Hamjambo from Isebania! Despite torrential rain, delayed research visas, and a couple bad traffic jams, we made it into Isebania at 9pm last night! Isebania is the last town on the road leading to Tanzania and has its own marketplace (where we bought a lot of water today – 8 cases for $24!). This morning, we drove into our partnering village, Muchebe, which is down a side road from Isebania. Muchebe is a rural farming village, with the biggest crop historically being tobacco.
Our team is so excited to be leaving for Kenya on this Tuesday, August 11th. We’re all meeting for the first time this summer in JFK airport and flying to Amsterdam, with about a twelve hour layover. We hope to potentially explore the city and try some team building activities. We depart again that evening and leave for Kenya. Once arriving in Nairobi, we’ll activate our phones, exchange some money, and prepare other supplies. Then we begin our 6-8 hour drive to Isebania and Muchebe.
After a glorious 8 hours of sleep (at least double what I've been getting the past week between exams and travel), we began our day in Migori, a larger village 20 minutes away from Isebania. We met with James, a manager at Alliance One International (the company that owns the shed on which we hope to build another rainwater catchment system for Muchebe), to discuss the feasibility of our project proposal. James was very welcoming and supportive of our project, and he particularly noted his shared focus on sustainability.
After several days of traveling across three continents, the team finally arrived in Nairobi yesterday morning. There, we boarded a small bus with our drivers Kumau and Daniel, and drove through the heart of Nairobi to begin our over seven hour journey to Muchebe. The sights and activity of the city were overwhelming at first, but I soon let my jet lag overwhelm me and drifted off to sleep. I later found out that Grace had repeatedly hit my head with a water bottle to wake me up as we drove into the Great Rift Valley, though at the time I was completely unaware of this!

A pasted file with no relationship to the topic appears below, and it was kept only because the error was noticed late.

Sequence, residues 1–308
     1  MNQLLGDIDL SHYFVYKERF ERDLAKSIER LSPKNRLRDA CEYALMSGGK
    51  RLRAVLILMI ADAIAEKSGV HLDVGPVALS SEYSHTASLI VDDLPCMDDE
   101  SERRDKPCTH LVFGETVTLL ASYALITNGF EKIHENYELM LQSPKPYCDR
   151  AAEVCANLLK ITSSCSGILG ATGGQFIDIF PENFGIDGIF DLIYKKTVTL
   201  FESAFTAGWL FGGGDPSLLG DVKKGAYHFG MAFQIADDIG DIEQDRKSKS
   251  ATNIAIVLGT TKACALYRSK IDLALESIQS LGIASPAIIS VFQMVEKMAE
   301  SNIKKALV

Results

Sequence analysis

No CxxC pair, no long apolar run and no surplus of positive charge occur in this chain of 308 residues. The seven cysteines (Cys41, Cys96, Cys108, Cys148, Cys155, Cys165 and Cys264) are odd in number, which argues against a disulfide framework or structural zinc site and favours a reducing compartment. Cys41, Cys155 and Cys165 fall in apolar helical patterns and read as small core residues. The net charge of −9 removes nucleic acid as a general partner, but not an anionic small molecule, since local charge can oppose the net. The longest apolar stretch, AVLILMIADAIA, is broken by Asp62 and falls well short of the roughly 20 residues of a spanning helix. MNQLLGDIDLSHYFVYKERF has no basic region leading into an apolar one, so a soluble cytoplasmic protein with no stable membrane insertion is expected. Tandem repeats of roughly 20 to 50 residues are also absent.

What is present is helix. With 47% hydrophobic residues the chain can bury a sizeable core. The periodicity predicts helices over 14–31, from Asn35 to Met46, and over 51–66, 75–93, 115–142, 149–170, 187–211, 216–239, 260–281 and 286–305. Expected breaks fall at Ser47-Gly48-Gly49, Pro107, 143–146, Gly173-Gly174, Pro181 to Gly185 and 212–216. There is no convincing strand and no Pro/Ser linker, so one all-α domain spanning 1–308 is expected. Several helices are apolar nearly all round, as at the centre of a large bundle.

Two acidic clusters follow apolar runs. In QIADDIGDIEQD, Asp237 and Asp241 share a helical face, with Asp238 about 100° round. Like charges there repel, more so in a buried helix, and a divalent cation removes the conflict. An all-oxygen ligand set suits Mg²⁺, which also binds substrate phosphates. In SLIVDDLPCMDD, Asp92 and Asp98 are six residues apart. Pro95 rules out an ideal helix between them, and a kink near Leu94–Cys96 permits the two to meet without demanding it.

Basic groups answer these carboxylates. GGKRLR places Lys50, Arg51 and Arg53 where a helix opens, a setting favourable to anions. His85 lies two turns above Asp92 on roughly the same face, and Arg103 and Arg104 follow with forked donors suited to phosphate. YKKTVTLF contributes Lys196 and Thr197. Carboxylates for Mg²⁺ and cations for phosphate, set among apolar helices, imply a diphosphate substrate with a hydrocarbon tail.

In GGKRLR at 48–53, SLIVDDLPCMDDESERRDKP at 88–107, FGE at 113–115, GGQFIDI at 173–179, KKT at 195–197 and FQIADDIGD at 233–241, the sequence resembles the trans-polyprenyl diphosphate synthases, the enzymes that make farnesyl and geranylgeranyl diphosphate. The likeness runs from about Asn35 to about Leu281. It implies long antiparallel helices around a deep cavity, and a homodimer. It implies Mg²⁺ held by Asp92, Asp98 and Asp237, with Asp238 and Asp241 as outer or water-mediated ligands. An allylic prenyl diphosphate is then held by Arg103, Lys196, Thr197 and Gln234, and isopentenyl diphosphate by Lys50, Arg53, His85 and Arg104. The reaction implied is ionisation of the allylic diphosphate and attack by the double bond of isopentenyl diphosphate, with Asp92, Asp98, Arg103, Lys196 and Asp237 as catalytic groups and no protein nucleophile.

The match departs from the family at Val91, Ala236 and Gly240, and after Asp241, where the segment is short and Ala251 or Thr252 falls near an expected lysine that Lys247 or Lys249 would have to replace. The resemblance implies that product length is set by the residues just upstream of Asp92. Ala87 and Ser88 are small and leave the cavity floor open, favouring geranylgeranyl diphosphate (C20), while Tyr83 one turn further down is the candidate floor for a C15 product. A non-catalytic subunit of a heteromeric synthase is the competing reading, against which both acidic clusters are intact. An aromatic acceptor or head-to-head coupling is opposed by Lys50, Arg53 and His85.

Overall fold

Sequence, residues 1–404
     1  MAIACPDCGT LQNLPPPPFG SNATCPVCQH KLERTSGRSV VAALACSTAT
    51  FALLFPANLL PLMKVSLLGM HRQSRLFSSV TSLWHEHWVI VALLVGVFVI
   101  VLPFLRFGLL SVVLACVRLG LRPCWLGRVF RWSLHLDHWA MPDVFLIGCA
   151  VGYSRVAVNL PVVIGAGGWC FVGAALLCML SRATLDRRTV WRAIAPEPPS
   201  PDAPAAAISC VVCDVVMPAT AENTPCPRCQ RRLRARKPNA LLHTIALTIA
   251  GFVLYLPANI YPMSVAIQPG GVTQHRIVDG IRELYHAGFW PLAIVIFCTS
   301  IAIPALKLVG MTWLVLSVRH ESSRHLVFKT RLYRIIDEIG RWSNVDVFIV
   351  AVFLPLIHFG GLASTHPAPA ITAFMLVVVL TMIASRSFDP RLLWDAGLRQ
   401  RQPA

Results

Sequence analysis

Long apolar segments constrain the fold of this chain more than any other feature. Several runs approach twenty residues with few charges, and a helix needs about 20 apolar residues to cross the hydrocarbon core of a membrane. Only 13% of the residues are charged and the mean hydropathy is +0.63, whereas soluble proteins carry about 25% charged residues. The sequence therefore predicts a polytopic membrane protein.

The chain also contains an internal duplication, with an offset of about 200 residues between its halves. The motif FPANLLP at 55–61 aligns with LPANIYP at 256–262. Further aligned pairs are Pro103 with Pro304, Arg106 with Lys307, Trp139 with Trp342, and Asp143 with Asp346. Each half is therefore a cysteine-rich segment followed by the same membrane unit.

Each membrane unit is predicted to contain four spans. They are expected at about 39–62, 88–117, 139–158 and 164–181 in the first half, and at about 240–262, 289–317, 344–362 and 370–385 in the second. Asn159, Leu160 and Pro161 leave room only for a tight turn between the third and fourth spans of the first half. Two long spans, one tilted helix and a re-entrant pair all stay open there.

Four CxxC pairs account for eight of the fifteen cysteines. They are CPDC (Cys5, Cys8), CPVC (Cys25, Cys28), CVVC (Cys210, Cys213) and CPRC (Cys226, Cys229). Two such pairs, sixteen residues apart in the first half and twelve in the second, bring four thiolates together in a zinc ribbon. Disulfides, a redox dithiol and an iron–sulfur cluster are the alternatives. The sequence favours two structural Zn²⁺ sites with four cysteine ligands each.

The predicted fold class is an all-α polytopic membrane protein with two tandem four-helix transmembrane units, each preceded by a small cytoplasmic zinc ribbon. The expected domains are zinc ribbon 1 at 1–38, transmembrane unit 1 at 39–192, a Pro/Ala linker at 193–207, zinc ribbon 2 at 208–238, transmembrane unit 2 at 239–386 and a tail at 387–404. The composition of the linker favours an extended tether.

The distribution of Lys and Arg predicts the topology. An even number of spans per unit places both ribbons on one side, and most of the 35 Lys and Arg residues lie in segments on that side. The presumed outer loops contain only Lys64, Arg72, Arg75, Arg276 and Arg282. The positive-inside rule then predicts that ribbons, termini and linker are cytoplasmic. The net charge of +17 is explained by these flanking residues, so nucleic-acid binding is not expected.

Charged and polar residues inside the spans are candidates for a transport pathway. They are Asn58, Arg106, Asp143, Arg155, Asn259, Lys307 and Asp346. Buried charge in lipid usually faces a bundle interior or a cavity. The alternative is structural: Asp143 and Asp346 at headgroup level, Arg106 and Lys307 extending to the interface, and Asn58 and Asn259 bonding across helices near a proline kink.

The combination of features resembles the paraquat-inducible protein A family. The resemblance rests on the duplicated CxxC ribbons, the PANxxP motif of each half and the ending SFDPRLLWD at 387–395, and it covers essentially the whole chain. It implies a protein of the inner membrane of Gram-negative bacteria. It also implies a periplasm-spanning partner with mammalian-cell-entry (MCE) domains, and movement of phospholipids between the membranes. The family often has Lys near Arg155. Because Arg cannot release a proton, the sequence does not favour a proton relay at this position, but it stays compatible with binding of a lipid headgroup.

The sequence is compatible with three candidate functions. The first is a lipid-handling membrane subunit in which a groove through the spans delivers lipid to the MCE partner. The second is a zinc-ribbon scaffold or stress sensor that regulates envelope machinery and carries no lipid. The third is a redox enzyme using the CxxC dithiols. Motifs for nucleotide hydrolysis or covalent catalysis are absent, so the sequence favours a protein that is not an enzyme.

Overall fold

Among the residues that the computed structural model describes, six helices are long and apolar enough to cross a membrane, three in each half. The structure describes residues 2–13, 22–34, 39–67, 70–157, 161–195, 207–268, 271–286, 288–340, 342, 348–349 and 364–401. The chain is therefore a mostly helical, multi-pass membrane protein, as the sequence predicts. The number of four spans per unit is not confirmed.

T-minus 24 hours! This time tomorrow, Brendan, Cecilia, Roan and I will be in flight, well on our way to Muchebe, Kenya, and the start of our 2105 assessment trip! We will be preparing to install a second rainwater catchment system in Muchebe. For everyone at reading at home, a rainwater catchment system is a complex of gutters and tanks that collects and stores fresh rainwater, providing Muchebe with a much needed source of drinking water. Cecilia and Brendan both traveled to Kenya last year as part of the Kenya team of Engineers Without Borders, Princeton.
My history teacher once told me that "if you think about Africa, you should think about kinship groups." Since the Bantu migration to Sub-Saharan Africa, people have largely formed societal groups based on their kins and interacted with others based on their connections with other people. It did not take long for us to recognize the importance of connections and connectivity in Kenya.
Hi! Welcome back to the EWB Kenya team blog! I know that you have been anxiously waiting to hear from us since our assessment trip this January to Muchebe Primary School in Kenya, and we apologize for not staying in touch: truth be told, over the past six months, we have been totally engrossed in designing and planning a rainwater catchment system that we want to build at the primary school in Muchebe.
The past few days have been so busy that only now are we able to look back and relate all we have experienced. We are nearing the end of our journey here in Kenya, since tomorrow morning at 9:00 we head out for Nairobi for our flights back to Princeton.